Introducing: The Click Market

“Android: Netrunner is a game about maximizing the utility earned from the clicks you spend on the click market.”

There’s my idea in one sentence. Well, that doesn’t explain much. It’s a good thing there are still some words under this one.

The first thing this does is establish clicks as the currency of Netrunner. Many people looking at the game make the excusable mistake of thinking creds are currency. The problem is that this model can get you in to all sorts of trouble looking at “economy” cards. The fundamental premise behind looking at economy cards tends to be: “Given a set number of clicks, which options make  you the most money?” But the number of clicks isn’t set at all! Credits are  a secondary resource, a necessary evil for other options that win you the game. Instead, in Netrunner, you’re spending clicks and trying to win the game. Now, you’ll often need to spend clicks on an option that gives credits, because those credits make it possible to spend clicks on something ELSE that will help you down the line. I’m not saying credit cards are bad, or anything silly like that. What I’m saying is that when most people look at money cards (they tend to be the focus of quantitative analysis more than anything else, because it’s here that people get most confident in their models) they take it as a de facto assumption that your goal is to make “the most money” – but your goal is to win the game! You’re not allocating some set number of clicks to credit generation. You’re spending your clicks on whatever is most valuable at the time, which will often be credits, because without them many other choices have no value.

As a couple of preliminary notes, this means that efficiency analysis will undervalue burst economy (it’s not worth much in terms of clicking for cred instead – but it’s worth a lot for short term spikes in utility) and, similarly, limited-use economy options that “finish out” quickly – because even if their click to cred ratio is lower than other options, spending fewer clicks on cred generation at ALL is a benefit. Efficiency analysis will also overvalue things like Kati Jones that have gating on when they can be used – because even if you’ll spend one click in four on cred generation on average, FORCING it is a very real cost that doesn’t appear anywhere in credits divided by clicks equals value. (Kati is still a good card.)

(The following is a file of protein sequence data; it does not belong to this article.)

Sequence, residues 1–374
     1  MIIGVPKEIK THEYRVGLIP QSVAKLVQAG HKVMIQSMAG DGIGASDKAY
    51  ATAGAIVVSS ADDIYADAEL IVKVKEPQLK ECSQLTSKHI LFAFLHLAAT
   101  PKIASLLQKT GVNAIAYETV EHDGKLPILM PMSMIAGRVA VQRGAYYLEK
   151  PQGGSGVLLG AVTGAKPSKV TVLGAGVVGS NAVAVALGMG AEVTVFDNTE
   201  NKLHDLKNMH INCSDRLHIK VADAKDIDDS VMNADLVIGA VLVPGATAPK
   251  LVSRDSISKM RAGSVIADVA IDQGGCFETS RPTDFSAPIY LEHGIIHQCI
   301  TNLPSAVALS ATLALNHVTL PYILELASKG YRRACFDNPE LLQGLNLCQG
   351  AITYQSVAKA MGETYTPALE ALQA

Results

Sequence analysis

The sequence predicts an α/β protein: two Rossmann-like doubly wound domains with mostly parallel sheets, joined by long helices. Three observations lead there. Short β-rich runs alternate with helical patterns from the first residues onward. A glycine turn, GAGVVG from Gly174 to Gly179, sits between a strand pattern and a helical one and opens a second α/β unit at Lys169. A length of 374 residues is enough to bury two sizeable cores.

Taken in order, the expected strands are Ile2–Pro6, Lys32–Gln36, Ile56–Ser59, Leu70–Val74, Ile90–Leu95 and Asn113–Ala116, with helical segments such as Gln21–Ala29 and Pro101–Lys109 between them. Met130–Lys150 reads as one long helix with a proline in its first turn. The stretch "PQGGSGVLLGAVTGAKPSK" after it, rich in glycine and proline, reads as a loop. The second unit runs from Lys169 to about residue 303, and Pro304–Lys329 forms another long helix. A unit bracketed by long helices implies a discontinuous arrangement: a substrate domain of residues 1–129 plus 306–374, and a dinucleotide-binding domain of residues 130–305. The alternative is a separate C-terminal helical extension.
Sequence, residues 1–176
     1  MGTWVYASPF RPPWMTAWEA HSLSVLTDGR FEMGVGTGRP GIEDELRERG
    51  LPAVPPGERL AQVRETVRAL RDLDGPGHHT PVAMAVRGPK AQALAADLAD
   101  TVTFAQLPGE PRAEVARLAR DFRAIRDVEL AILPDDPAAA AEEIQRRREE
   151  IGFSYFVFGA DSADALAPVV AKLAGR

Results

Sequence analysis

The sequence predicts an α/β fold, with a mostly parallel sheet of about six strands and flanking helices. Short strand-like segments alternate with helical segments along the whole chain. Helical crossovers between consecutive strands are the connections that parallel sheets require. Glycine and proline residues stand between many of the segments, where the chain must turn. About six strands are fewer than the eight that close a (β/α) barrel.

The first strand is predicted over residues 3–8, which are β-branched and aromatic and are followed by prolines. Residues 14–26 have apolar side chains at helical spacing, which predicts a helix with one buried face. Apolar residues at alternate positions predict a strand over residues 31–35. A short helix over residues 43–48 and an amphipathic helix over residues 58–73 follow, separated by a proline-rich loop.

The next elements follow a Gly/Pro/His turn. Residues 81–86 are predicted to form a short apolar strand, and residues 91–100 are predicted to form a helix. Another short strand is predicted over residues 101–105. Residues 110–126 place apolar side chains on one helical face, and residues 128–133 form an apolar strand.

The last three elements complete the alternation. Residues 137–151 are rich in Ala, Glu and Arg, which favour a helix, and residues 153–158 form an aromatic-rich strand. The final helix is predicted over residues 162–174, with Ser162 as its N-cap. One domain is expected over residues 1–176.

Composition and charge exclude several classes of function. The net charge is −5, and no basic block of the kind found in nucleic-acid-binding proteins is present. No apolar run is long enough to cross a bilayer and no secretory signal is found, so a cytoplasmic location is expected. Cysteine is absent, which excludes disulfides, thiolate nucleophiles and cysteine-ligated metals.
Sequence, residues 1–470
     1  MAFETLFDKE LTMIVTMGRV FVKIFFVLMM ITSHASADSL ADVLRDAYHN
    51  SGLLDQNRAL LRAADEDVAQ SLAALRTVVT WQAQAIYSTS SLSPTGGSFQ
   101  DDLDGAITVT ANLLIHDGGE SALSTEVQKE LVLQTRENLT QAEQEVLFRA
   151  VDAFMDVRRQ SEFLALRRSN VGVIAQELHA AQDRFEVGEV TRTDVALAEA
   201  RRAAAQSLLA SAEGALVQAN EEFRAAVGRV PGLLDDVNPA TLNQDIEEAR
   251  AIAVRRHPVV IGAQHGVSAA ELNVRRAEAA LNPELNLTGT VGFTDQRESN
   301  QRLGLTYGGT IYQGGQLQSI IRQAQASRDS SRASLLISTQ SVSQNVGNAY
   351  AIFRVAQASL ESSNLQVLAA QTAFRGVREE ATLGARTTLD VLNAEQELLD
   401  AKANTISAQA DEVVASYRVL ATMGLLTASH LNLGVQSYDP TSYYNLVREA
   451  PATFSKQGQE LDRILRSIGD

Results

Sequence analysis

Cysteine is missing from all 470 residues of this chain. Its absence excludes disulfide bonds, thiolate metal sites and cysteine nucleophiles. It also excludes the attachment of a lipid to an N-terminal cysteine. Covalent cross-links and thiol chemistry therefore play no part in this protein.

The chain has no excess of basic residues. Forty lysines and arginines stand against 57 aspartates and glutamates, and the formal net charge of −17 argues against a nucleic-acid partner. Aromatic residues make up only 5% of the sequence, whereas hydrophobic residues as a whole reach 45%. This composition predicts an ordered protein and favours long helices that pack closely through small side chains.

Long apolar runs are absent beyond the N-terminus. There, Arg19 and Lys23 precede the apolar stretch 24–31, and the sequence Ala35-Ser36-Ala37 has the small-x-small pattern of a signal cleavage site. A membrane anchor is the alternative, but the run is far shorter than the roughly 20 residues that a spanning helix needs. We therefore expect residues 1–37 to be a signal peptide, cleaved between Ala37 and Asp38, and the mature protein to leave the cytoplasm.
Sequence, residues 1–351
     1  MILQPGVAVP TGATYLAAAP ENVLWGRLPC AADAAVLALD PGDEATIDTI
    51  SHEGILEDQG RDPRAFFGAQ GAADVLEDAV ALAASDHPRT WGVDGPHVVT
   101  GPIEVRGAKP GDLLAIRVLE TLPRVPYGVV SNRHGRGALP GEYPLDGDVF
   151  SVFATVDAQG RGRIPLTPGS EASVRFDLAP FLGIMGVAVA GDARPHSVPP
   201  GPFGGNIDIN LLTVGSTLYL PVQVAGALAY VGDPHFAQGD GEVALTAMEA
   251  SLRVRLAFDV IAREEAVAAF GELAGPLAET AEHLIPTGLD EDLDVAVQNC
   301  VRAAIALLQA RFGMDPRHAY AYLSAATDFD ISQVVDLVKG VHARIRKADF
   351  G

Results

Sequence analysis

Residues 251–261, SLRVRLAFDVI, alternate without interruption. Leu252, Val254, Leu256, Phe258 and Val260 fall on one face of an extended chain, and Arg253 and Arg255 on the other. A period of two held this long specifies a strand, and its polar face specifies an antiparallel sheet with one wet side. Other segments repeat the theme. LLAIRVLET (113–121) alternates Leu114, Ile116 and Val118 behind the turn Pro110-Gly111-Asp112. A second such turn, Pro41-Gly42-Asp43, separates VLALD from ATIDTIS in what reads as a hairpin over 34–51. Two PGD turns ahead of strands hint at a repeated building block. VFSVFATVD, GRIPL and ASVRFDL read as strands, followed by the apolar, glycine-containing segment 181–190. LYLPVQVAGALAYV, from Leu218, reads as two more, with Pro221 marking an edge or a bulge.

You may be saying: Cost in what? Value in what? In utility. It’s a vague term. That’s deliberate. It’s so no well-meaning blogger tries to quantify it. You can speak of utility in relative terms – an option has more utility, or less utility. But there’s no basal unit that you can divide or multiply or whatever. This is because utility in Netrunner is dependent on the gamestate. Utility is how much something helps you win the game. Creds have no inherent value – utility has value. Creds are just things that can let your clicks chose options that give more utility.

Let’s get to that last bit, the “Click Market”. What’s that? A concession to the fact that in Netrunner, you can do whatever you want. Trying to treat the game as an excercise in maximizing creds is doomed to fail – the optimal solution is clearly to get Magnum Opus and ping it four times a turn until you lose. That’s why we needed “utility” (barely) defined as the thing we’re trying to get the most of. And clicks are the currency we’re spending to get it. The click market is the interface between the two. It’s a place where click-vendors hawk their wares. You can get a credit. You can get a run on R&D. You can get a card installed from your hand. Some cards, like Opus, give you a whole new option (with almost strictly more utility than another one.) You spend your clicks on the click market and attempt to maximize the utility you get for them. That’s Netrunner.

Every option on the click market has a corresponding utility value. These utility functions have many inputs, which we’ll simply call variables. Credits feature prominently, but MU, Link, and space in a remote server also qualify. There’s also the number of other clicks in your pocket – the Tinkering option is worthless if you’re spending your last click on it. There’s the number of cards in each deck. There’s the credits of your opponent. The entire game of Netrunner can more or less be described as a game of how good you are at judging, based on the variables, the output of the utility function of each option. And every click you spend, the market fluctuates. This is the point that most current analysis misses. People looking at economy cards assume that the value of one cred is constant – when in reality, the utility of one more cred is predicated on many other things.

(A note: we’re maximizing our utility across the whole game, NOT picking the option with the most utility every time. For example, installing a Gordian Blade has zero utility. What it does is increase the value of “Make a run” when there’s a Code Gate installed. When we install Gordian Blade, we’re hoping the waste of a click and the spending of secondary resources will be compensated by the fact that running on, say, Enigma has utility it previously did not.)